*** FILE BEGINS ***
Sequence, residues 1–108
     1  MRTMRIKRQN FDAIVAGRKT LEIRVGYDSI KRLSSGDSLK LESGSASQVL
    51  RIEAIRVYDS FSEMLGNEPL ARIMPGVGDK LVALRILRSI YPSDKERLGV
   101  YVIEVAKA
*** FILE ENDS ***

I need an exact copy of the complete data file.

Sequence, residues 1–108
     1  MRTMRIKRQN FDAIVAGRKT LEIRVGYDSI KRLSSGDSLK LESGSASQVL
    51  RIEAIRVYDS FSEMLGNEPL ARIMPGVGDK LVALRILRSI YPSDKERLGV
   101  YVIEVAKA